Western Districts

Want to know where to go kayaking, canoeing, and stand up paddling in the Wimmera, Mallee, and South West districts of Victoria? These guides are free for Global Paddler members and yearly memberships are available now from the Global Paddler online store. To download a detailed trip description for a great paddling destination with photos, paddle map, GPS coordinates, and recommended places to eat, drink, and sleep, simply click on its name in the table below.

Trip Locator Map for Western Districts

1. Aire River Set up camp among the koalas of the Great Otway National Park and launch onto the Aire River for an exploration of an alluvial basin that is described by the Department of Environment and Primary Industries as part of one of the major physiographic features of the Otway Ranges.
2. Bumbang Island Bumbang Island is a lovely wildlife sanctuary and historical reserve embraced by the gently flowing waters of the Murray River at Robinvale. It holds precious middens and canoe trees so permission from its Koori owners is required before landing, but anyone can paddle around and peek inside.
3. Cohuna Cohuna is awesome because it has its very own paddling regatta where the winner gets to call themselves The Big Cohuna for a whole year. The town’s cows were also used to make high protein food for astronauts in the Apollo space program and we’re not just talking about Big Cohuna Burgers.
4. Glenelg Bushland The verdant Lower Glenelg National Park bushland that cloaks this part of the Glenelg River is a rare and exciting potpourri of plant life in which typically western Australian flora blends with vegetation more characteristically seen in the eastern regions of the continent.
5. Glenelg Cliffs There are few paddling destinations in Australia that can rival the Glenelg River estuary for sheer visual splendour. Spectacular white cliffs decorated with striking splashes of orange and grey rise up to fifty metres high above the water waiting patiently for their daily time in the sun.
6. Glenelg Coast Major Thomas Livingstone Mitchell became the first European to float down this part of the Glenelg River when he was here in 1839 during his Australia Felix expedition. Ride his historical bow wave and you’ll find that nothing much has changed in more than 175 years.
7. Gunbower Forest Gunbower Forest is home to a wide variety of native flora and fauna including the second largest river red gum population in Australia. It is a key part of an area that has been called the ‘Kakadu of the South’ and it won’t take long for you to appreciate why.
8. Hopkins River See the City of Warrnambool in a new light with a captivating cruise on the heavenly Hopkins River. Discover 650,000 year old basalt lava flows, cliffs made of the same limestone as the Twelve Apostles, and the enigmatic Blue Hole created by the shifting sands of the Southern Ocean shore.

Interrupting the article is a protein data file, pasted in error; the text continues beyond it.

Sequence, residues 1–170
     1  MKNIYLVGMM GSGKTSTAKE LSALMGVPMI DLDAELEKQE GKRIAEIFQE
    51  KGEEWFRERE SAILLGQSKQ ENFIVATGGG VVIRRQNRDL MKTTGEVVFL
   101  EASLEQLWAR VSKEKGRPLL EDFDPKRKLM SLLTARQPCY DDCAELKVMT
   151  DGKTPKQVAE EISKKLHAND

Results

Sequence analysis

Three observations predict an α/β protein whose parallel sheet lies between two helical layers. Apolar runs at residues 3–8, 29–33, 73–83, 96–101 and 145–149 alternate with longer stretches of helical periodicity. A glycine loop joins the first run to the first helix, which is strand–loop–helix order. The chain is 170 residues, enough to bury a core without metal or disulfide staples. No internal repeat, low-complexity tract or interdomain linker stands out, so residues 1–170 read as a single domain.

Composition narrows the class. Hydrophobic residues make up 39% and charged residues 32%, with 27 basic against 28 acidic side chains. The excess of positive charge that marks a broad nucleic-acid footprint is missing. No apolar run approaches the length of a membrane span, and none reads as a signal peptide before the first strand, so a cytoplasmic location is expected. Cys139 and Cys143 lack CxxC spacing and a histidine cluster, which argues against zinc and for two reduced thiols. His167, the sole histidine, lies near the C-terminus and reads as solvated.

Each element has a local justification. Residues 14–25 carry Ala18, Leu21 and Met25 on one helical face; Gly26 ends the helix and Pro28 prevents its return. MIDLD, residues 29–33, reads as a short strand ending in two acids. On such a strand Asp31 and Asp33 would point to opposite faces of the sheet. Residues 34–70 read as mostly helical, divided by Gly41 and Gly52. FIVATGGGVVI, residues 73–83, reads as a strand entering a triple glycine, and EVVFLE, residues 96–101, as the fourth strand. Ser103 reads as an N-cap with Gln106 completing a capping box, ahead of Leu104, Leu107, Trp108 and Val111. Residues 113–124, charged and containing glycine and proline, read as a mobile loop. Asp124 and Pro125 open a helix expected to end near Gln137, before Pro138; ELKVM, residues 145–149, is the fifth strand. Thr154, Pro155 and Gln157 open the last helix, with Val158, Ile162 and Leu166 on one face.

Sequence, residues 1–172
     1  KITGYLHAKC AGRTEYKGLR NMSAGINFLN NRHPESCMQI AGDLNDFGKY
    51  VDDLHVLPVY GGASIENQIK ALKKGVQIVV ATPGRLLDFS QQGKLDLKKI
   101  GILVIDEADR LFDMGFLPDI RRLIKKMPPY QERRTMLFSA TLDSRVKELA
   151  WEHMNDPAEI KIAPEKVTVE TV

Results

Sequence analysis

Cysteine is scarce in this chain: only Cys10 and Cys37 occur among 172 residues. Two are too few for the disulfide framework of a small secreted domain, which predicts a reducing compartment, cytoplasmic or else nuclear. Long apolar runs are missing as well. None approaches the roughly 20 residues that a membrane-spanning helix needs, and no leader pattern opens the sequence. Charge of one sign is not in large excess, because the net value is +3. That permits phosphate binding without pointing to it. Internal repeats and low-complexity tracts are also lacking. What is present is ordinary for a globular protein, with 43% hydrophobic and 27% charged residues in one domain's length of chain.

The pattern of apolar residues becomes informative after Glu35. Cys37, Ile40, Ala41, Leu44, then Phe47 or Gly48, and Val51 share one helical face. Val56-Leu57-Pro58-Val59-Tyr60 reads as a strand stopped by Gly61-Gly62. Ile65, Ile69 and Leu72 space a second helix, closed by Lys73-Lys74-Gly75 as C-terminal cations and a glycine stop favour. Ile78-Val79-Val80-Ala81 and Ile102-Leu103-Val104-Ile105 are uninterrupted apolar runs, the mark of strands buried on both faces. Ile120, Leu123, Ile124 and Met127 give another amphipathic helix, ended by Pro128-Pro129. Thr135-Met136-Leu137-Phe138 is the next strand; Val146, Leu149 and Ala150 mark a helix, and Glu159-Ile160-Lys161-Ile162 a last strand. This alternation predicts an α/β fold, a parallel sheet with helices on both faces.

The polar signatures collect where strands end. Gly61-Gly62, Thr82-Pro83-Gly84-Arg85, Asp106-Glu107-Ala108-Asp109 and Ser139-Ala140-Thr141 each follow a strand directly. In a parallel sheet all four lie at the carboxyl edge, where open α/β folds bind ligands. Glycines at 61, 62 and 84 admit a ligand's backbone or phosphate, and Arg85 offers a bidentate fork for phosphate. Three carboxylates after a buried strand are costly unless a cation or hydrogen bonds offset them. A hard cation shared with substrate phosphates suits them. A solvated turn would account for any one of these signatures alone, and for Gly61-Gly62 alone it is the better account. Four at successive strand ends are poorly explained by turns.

9. Lake Bullen Merri Imagine yourself in a volcanic landscape where multiple eruptions have thrown huge amounts of rock and ash into the air and left behind vast circular craters in the surface of the scorched earth. Now fast forward 20,000 years and you might just find yourself on the shores of Lake Bullen Merri.
10. Lake Wartook Nestled high among the densely wooded hills and magnificent sandstone landforms of the Grampians National Park, Lake Wartook is the oldest irrigation storage in Australia, an important water supply for 72,000 Victorians, and an incredibly scenic place to go for a paddle.
11. Mullaroo Creek Mullaroo Creek meanders through the middle of Lindsay Island in the Murray Sunset National Park in the remote north western corner of Victoria. It is a wonderfully secluded waterway that links the Murray River on the northern side of the island with its Lindsay River anabranch to the south.
12. Nyah There’s no place like Nyah when it comes to good old fashioned Murray River hospitality. Who else can guarantee to have both the first female paddle steamer captain to ply these waters and an expert woodpile cutter on hand to wish you bon voyage every time you set sail from their shores?
13. Princetown There is no doubt that the reason most people visit Princetown is to meet the Australian rock stars that live just down the road at the Twelve Apostles. However this is also where one of Victoria’s most ecologically healthy rivers hits the coast so you would be mad not to bring a paddle.
14. Red Cliffs The stunning Murray River cliffs that inspired the name of this town are the reason that most tourists visit this area but those who stay a little longer also find two historic pumping stations, a billabong wildlife refuge, the biggest winery in the southern hemisphere, and two great places to paddle.
15. Rocklands Reservoir Rocklands Reservoir is a long and comparatively narrow lake in beautiful state forest on the western side of the Grampians. An excellent selection of campgrounds on its 400 kilometre long shoreline makes it a fantastic destination for a long weekend of paddling and camping.
16. Yambuk Lake Yambuk Lake is a place that reminds you that the world in which we live is not one that is comfortable with being restrained by walls, fences, and double-glazed windows. It is refreshingly capricious and spirited, and at its best when allowed to run free.